Even more unfortunately the company had both NYSE and TSX listings (MDW in both places) and a heavy raft of institutional shareholders (65% held) notably Hale Capital and Van Eck leading the pack. This is not your average retail-only junior expiring in obscurity.

The problem here is obviously debt. Beyond that though, we first encountered this story in 2010 if not before, and here we are five years later that it gets a relatively small mine into production. The powerpoint (dated May) says that $79.1mn had already been spent on Pan and that more millions were required to “complete” the project. It’s not clear if total capex was $86mn or that was the “extra” needed to be spent. With the first two months of production yielding only 4,300 ozs of gold, the expression “throwing good money after bad” comes to mind.

There is clearly an asset (and a collection of interesting projects) to be salvaged from the ruins here.

Labrador Iron Mines – Victim of the Majors’ Strategems

The iron ore space has been one of the darker corners of a generally dark mining scene. It is the part of the Mining Supercycle Theory that has suffered the most dramatic fall from grace. The refusal of large Australian and Brazilian players to wind back production has ground smaller producers to dust over the last year. In 2014, the price of iron ore declined nearly 50% to approximately US$66.00 per tonne by late December 2014. The iron ore price has continued its decline in 2015, dropping to approximately US$50 per tonne by the end of March.

The biggest of the lesser victims were Cleveland Cliffs Canadian operations which went into receivership (with negative effects for the Wabush mine and various other major projects) and the demise of London Mining, the London-listed West African iron ore miner. The latter strangely enough also had its demise blamed on Ebola.

One of the lesser victims was Labrador Iron Mines that, in April, went into a Court-supervised restructuring process under the Companies’ Creditors Arrangement Act in order to facilitate a restructuring and refinancing of its business operations. This was a particular blow to regional economy.

LIM did not resume mining operations in the 2014 or 2015 operating seasons, due to the deteriorating iron ore market conditions and particularly in the context of LIM’s previous high operating costs. At the end of 2014 the company had a very significant working capital deficit and had not met certain financial obligations. The CCAA proceedings are supposed to provide LIM with the time and stability to restructure its business, negotiate a restructuring plan with stakeholders, compromise creditor claims, restructure key operating contracts, secure new financing, and otherwise consider restructuring and refinancing options. Hmmm, all well and good.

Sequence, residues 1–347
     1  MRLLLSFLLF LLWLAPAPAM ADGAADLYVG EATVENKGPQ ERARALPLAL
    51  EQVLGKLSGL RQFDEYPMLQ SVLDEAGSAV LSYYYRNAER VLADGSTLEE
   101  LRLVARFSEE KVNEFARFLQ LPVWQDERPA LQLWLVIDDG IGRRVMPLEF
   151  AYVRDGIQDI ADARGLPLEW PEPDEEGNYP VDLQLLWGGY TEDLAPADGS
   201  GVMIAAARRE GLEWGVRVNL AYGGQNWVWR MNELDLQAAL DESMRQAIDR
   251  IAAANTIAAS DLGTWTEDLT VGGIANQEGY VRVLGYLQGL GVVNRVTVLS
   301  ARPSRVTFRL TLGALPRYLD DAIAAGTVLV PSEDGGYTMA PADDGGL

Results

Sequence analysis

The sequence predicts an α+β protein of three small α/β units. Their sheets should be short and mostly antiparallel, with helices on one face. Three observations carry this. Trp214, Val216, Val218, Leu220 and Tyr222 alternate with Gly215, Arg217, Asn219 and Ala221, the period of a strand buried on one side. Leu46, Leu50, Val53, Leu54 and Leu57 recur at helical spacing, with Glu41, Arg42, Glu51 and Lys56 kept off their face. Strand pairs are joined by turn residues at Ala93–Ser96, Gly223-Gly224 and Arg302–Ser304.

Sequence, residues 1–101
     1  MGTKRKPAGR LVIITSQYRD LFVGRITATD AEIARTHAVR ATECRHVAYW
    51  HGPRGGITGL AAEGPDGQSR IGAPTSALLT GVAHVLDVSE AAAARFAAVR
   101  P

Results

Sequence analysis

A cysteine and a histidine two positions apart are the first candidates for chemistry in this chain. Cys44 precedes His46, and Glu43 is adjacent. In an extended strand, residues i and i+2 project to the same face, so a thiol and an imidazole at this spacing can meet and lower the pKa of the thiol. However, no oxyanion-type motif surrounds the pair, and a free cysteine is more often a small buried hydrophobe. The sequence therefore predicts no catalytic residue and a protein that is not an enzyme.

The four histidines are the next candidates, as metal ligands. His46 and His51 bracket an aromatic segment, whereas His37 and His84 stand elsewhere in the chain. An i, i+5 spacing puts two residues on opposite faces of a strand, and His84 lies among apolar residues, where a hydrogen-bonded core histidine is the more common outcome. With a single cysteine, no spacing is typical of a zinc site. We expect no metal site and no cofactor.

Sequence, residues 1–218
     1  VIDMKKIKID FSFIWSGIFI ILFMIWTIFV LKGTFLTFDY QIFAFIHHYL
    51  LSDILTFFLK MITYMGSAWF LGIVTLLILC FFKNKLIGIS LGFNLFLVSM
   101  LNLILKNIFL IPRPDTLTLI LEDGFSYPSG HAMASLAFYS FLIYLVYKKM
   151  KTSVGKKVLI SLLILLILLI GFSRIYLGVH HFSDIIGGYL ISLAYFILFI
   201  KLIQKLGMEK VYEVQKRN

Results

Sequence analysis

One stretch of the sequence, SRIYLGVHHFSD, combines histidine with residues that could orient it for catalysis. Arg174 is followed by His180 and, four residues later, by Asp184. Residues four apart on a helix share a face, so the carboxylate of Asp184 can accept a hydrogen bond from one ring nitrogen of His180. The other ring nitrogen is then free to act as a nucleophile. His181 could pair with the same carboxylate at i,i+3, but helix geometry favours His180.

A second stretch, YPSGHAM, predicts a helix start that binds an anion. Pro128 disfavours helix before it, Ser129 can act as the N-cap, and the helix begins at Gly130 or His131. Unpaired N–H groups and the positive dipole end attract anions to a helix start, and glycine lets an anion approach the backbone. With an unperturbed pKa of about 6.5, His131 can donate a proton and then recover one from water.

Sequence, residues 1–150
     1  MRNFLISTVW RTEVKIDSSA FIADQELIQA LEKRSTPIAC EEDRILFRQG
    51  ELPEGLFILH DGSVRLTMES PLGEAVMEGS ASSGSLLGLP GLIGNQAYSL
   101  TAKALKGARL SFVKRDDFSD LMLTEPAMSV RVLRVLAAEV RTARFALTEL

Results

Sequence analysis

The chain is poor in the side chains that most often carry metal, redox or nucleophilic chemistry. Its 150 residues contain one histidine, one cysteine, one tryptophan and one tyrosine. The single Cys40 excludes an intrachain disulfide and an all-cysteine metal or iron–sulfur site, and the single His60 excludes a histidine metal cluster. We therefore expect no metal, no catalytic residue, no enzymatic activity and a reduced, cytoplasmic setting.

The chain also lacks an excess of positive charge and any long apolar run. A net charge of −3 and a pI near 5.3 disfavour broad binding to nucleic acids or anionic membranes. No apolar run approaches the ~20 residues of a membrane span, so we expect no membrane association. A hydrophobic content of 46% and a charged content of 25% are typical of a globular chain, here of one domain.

Labrador was able to rustle up some money when it completed a transaction under the provisions of its Joint Venture with Tata Steel Minerals Canada, whereby Tata acquired LIM’s remaining interest in the Howse Project for CAD$5 million. The sale proceeds were used to fund ongoing operating and stand-by costs, and care and maintenance expenses, and to finance the restructuring.

It’s not the end of the road for LIM, but without a turnaround in the iron ore price in the foreseeable future the question arises as to how much the company should struggle against the inevitable.

Veris Gold – Too Many Swiss Cooks Spoil the Broth

The old Yukon Nevada had been sliding towards the abyss for a long while before it finally went over the cliff in 2014. The problem at Veris Gold went back to a financing with Deutsche Bank back in 2011 which had the goal of moving the company forward while not diluting the controlling block of the major Swiss shareholders. Here we have an example of unnecessary debt bringing about a corporate demise.

Despite management that the word “omnishambles” was invented for, the prime asset of the Jerritt Canyon mine and mill remains almost unique and a key playing piece in Nevada power games being one of only three approved refractory roasters in the state. The gormlessness of the crew in the executive suite meant that the company spent a long time unprofitably tolling ore for Newmont, making itself poorer and more dependent in the process. The cashflow squeeze forced it to seek protection from creditors last year.

The game is not over here either as the valuable refractory milling and roasting operation goes on and is a scarce commodity in Nevada due to its environmental approvals and restrictions on building new plants like this. It should be interesting to see what vultures alight upon the corpse.